Practicing Both Insight Meditation and Shikantaza

One way to frame the relationship between insight meditation and shikantaza is to think of insight meditation as being focused on the relative, or contingent, aspect of reality, while shikantaza is inviting a deeper relationship to the absolute, or essential, aspect of reality. I’m not saying there’s some kind of authoritative truth behind this way of framing it, and clearly this is a Mahayana point of view, so just use this frame if you find it helpful. And before I explain what I mean, I should offer the disclaimer that I’m definitely not saying insight meditation is lesser, or easier, or that it isn’t also aimed at helping you achieve true liberation, wisdom, and compassion. After all, the absolute is not superior to the relative; these two aspects of our reality are like two sides of a coin.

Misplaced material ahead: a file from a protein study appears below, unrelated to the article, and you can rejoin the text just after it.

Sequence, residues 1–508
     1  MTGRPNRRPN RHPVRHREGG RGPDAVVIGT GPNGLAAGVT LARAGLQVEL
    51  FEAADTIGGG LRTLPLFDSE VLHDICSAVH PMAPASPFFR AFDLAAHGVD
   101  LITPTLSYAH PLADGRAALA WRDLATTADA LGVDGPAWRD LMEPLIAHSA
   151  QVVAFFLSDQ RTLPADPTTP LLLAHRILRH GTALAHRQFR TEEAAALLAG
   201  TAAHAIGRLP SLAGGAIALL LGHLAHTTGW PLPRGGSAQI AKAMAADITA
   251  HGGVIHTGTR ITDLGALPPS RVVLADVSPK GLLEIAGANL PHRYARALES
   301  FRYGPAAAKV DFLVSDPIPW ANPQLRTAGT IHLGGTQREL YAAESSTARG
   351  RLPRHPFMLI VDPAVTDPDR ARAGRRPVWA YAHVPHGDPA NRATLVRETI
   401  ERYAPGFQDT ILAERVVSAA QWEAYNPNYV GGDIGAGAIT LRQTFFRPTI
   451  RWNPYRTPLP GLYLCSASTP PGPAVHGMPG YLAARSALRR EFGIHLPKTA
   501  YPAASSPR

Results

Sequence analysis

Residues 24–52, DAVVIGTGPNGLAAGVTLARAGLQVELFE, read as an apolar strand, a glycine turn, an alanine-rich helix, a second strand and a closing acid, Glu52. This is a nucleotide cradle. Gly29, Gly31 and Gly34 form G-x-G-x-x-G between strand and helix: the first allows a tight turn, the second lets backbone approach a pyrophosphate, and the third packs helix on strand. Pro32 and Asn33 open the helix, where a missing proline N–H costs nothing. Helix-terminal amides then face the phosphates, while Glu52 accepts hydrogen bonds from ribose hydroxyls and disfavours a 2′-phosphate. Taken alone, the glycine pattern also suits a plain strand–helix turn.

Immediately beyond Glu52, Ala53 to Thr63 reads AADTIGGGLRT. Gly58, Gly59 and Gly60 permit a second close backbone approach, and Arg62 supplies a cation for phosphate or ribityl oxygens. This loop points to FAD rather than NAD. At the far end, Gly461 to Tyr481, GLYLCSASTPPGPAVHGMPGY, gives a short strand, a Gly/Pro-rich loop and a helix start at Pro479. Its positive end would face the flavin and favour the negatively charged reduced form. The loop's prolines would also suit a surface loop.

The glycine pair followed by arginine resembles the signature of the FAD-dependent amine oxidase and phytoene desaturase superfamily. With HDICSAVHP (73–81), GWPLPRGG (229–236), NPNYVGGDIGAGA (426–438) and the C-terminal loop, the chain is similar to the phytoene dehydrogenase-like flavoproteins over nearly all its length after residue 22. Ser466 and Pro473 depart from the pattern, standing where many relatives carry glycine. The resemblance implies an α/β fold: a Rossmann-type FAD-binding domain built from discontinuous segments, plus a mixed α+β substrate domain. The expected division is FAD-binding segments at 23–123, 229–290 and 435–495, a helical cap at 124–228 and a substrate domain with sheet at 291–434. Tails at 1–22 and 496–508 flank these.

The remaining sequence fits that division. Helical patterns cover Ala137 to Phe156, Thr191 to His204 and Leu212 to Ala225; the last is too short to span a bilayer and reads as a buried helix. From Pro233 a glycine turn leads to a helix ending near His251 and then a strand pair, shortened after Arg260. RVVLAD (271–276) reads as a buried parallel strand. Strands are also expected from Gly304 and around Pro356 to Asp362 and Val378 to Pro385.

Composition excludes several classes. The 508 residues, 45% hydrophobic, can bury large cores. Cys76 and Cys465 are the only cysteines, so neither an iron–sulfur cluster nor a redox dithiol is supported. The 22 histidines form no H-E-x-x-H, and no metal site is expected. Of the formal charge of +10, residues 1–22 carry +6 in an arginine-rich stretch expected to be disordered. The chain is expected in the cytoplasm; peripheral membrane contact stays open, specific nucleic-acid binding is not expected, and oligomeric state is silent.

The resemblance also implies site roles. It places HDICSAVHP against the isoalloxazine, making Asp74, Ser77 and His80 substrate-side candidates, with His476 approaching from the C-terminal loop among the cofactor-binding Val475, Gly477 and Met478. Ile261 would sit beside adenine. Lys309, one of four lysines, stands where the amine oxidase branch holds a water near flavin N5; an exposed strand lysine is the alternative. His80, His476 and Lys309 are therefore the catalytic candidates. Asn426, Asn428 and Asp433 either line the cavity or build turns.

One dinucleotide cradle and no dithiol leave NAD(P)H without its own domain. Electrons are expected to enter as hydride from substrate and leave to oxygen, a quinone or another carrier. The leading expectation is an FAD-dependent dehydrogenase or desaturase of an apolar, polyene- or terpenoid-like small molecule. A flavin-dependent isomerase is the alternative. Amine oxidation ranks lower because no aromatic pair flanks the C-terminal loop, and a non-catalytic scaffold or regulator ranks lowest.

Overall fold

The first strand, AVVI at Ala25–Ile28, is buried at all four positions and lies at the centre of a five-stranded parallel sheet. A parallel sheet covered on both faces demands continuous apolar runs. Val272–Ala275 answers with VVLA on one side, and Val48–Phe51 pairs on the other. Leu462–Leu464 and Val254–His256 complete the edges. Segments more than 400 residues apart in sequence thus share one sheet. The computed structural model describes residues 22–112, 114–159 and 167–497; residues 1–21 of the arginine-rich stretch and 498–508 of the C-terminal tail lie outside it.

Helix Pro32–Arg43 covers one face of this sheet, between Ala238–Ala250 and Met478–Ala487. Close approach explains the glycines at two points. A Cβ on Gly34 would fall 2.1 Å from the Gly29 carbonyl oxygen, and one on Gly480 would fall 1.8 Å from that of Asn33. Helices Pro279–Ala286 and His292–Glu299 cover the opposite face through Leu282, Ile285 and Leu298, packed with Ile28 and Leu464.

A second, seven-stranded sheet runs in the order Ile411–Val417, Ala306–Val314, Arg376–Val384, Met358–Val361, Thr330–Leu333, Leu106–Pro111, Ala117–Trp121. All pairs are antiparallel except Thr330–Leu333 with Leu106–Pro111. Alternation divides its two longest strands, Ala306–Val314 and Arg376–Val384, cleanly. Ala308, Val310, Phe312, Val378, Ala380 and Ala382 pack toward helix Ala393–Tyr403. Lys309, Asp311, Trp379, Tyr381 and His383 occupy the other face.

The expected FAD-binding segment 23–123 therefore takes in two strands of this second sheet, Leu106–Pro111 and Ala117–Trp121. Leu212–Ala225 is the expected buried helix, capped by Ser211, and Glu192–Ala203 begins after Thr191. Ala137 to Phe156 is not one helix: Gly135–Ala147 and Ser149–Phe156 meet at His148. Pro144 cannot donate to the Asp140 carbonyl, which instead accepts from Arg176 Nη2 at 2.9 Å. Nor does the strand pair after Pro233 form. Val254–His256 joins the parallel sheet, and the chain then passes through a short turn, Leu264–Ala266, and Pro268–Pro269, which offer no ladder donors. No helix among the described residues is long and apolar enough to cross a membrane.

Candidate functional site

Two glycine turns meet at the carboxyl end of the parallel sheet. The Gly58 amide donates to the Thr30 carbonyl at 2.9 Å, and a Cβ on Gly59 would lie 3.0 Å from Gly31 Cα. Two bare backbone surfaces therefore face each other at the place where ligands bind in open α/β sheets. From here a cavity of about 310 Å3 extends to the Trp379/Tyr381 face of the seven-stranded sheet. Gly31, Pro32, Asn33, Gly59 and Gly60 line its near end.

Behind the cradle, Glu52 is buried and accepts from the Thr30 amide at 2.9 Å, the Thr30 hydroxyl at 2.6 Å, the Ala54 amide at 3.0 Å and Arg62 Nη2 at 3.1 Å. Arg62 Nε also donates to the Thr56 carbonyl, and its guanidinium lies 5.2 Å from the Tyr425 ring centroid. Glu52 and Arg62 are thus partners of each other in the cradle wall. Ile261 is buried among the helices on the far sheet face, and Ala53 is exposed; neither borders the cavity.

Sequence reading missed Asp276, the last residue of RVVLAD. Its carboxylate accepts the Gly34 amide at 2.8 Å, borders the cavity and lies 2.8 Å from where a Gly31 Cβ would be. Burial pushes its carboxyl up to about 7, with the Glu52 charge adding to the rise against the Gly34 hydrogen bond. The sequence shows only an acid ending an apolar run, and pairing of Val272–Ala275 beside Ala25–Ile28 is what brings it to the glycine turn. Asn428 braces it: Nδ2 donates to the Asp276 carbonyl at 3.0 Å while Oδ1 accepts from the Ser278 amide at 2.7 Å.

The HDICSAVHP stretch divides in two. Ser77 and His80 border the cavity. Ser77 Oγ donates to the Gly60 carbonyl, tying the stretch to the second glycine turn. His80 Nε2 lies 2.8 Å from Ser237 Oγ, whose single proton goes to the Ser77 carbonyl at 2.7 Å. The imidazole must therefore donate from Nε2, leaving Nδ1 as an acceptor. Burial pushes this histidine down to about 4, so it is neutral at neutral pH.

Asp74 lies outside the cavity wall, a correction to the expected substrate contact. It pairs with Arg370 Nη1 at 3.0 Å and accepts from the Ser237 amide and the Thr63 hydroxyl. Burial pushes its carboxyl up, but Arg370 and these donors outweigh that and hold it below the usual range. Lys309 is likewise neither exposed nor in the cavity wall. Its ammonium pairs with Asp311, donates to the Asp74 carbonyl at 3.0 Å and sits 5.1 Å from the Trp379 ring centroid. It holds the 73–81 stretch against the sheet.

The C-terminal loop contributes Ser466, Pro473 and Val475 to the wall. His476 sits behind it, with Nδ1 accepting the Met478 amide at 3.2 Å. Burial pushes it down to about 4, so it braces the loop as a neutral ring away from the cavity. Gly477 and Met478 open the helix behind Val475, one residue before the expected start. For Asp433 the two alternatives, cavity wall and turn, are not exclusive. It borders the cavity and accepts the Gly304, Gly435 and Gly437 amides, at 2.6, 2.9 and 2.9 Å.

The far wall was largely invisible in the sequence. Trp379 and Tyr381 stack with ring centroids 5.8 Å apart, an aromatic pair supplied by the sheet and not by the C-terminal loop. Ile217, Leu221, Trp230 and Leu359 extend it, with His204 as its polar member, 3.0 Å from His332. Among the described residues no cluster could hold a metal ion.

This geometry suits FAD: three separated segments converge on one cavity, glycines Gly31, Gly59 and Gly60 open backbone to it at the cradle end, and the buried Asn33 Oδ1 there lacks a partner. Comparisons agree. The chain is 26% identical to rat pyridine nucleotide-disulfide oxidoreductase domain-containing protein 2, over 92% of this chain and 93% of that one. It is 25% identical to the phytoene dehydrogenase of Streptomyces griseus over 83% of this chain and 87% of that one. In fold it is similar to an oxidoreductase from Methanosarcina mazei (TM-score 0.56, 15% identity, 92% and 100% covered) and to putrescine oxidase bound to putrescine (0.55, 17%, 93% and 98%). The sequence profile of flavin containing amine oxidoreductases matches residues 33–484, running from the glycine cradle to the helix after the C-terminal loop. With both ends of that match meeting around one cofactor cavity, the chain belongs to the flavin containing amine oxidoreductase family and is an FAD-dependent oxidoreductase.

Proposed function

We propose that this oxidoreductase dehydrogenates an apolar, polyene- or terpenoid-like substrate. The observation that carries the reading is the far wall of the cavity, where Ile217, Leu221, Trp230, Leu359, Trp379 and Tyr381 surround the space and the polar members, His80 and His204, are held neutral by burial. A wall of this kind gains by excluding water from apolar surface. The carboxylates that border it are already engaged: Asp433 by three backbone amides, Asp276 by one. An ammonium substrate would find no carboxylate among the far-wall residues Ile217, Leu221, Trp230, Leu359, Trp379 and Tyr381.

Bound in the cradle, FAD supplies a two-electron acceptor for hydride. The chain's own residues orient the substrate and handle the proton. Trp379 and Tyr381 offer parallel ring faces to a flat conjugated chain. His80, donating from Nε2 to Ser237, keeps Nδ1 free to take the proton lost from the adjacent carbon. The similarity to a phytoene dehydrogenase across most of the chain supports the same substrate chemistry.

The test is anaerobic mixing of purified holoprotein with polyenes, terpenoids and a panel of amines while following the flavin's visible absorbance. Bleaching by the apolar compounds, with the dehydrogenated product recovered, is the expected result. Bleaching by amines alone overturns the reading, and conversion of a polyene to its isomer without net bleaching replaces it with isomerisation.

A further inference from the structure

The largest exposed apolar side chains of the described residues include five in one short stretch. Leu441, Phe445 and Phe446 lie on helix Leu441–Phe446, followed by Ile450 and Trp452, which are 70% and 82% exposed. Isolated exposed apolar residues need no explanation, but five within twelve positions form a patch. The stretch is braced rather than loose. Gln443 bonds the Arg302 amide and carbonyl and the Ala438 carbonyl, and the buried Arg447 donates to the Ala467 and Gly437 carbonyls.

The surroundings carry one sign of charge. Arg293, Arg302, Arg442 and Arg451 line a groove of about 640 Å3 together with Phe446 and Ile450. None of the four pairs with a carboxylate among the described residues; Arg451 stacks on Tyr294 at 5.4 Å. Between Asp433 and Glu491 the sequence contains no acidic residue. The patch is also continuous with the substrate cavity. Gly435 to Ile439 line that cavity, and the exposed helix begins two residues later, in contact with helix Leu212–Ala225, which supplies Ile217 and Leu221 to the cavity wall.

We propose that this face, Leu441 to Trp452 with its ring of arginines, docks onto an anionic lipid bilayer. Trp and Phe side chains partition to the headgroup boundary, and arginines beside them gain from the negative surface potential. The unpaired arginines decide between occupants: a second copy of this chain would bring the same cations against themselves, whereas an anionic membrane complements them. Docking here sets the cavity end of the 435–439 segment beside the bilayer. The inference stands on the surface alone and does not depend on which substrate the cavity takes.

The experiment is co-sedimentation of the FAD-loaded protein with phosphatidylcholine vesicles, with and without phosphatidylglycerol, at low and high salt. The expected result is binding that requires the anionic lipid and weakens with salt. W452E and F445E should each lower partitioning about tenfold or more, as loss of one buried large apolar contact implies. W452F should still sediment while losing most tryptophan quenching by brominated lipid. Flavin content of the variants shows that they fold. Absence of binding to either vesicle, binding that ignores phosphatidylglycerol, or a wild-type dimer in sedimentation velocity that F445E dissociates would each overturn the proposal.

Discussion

That said, here’s my thinking: We can achieve great insight and liberation by attending to our direct experience in meditation. In moments when insight happens, cause and effect end up revealing themselves to us. We’re able to see more clearly what’s happening within us, and in our lives, and why. We see what choices lead to greater suffering, and what choices lead to liberation, wisdom, and compassion. We learn about ourselves at the karmic level, and then at the more universal level of being. Insight meditation is an enactment of the Four Noble Truths and the Eightfold Noble Path. It takes a lot of time and work, but we can gradually learn to live more skillfully, happily, and beneficially.